Derby Day follows a simple two-part structure: in the first half the kids witness an actual horse race, and in the second half they stage one of their own, with tricycles and neighborhood pets pulling wagons. The climactic race is quite enjoyable to watch, although animal-lovers might get a little uncomfortable with the rugged handling inflicted on some of the pets. Still, it appears that no one, child or beast, got hurt. In fact, they all look like they're having a pretty good time.

Maybe the best thing about the silent Our Gang comedies is that you don't have to hear Alfalfa sing. I'm one Baby Boomer who feels they ran that routine into the ground.


I treasure the Our Gang silents. They were not usually gut-busting knee-slappers that made you howl and guffaw, but tended to be pleasant, likable, enjoyable comedies that made you smile as well as laugh. Great viewing after a hard day at work or school. Derby Day fits that category.

The above poster did a good job summarizing this film, but one really pleasant scene that I liked was where Mary Kornman, as the rich girl, attempts to sneak her poor friends of the gang into the horse race. Despite the differences in race and social class among the kids, one senses an "all for one and one for all" attitude among the kids that is quite endearing today. Oh yeah, the Gang's race is a real hoot! This film appears on most public-domain DVD sets of rascal films-GET IT and enjoy.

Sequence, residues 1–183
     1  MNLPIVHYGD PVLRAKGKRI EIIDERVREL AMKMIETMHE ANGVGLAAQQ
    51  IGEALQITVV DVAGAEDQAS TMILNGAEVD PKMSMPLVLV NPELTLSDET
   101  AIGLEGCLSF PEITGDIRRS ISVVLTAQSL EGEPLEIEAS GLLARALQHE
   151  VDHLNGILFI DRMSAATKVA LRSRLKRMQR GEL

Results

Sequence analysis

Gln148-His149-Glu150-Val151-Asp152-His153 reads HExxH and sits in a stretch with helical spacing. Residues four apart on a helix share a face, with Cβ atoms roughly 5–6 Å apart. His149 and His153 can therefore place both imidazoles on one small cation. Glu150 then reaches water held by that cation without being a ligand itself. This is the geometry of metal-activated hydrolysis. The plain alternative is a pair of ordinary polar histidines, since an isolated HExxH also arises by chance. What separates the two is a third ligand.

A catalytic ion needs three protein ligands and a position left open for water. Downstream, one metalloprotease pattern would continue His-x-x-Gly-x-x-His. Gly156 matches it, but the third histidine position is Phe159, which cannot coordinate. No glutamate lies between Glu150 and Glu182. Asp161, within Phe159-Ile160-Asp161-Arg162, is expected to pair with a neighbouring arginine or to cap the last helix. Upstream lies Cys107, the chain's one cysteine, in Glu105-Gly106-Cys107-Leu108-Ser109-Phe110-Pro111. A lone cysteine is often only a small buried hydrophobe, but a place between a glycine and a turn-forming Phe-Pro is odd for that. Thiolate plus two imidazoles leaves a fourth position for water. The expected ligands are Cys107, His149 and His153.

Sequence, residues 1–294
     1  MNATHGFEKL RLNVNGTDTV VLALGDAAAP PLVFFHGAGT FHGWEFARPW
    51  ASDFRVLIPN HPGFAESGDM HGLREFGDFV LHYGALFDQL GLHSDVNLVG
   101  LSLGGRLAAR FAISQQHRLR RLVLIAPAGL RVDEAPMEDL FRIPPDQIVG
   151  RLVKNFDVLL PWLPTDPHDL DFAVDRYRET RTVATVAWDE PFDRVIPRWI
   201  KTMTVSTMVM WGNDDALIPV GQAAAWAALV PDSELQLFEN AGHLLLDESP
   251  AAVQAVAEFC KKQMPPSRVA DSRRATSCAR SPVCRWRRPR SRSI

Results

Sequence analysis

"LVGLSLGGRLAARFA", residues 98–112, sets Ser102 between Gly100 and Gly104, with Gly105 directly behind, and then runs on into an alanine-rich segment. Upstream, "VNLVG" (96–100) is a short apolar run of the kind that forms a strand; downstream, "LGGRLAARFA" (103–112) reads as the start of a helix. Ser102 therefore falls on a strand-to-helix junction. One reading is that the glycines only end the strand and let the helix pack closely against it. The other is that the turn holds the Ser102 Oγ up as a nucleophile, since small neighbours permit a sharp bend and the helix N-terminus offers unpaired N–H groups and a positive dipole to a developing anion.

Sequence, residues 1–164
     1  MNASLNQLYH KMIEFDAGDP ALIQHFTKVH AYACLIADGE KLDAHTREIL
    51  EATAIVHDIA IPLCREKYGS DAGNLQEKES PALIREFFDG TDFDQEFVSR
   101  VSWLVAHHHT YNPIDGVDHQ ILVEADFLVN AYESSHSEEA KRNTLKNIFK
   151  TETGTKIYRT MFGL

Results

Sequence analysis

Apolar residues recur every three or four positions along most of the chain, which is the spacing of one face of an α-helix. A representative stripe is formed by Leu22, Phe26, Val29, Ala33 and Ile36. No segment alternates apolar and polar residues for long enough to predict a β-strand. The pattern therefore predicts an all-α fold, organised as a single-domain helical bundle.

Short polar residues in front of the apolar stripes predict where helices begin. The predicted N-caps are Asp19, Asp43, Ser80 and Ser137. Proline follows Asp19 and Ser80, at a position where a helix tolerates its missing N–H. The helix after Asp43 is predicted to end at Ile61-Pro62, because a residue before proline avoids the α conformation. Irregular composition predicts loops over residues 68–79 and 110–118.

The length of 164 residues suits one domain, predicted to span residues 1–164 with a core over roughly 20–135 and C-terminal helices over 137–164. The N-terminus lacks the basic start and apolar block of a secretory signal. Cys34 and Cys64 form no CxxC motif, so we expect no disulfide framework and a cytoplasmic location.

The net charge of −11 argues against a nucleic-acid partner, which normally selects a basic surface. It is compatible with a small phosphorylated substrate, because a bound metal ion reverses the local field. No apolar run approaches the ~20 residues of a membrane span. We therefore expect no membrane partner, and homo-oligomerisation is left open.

This Hal Roach comedy short, Derby Day, is the twenty-first in the "Our Gang/Little Rascals" series. Mickey, Jack, Jackie, and Joe are selling hot dogs and lemonade for 5 cents each near the horse race track across the street. One of their customers is a new gang member of Asian descent named Sing Joy. Two more potential customers, Ernie (a.k.a. "Sunshine Sammy") and Farina, are broke so Mickey asks what's in the box that Ernie has. It's a jockey uniform of his dad's who is in the race. When Mary comes by, she invites them to come in free. The adult usher won't allow it but Mary keeps talking to him as she signals the gang inside. After the race ends, Mickey tells his friends his idea to form his own race...This was a pretty amusing "Our Gang" entry with some familiar gags like Farina managing to eat two hot dogs on a stove without anyone looking-especially not Pete the Pup who runs around in circles looking for the toddler, lemon for the lemonade that-when squeezed-hits both Joe and Mickey in the faces, during the kiddie race-after a horse and cow drink a water bucket laced with alcohol that Farina poured in-the horse keeps going the wrong way frustrating Jack and the cow eventually lies down leaving poor Joe stuck, and-after the titles reveal that in the audience during the real horse race, Sing Joy says something in Chinese, Ernie-also via inter-title-replies, "Speak 'Inglish, I don't understand Chop Suey." That last one might be considered offensive today but considering the kids ages, I'd let that one slide. Anyway, while not hilarious, Derby Day does amuse enough for me to bring a big smile on my face. P.S. Mickey's father, Richard Daniels, appears as a trainer here.


With make-shift contraptions passing barely as moving vehicles, the original Our Gang puts on the saddle in this silent short. I have seen very few of the early films because as a child, I only had access to the talkies. Many of them perhaps do not exist anymore, so the ones which do are absolute treasures. This one features a cast that I was not familiar with other than their brief returns later on. Mickey Daniels and Farina are perhaps the few that I had any familiarity with. Sammy Morison would later find fame as a part of the East Side Kids in the early 1940's. This one has amusing moments even if it is short on plot.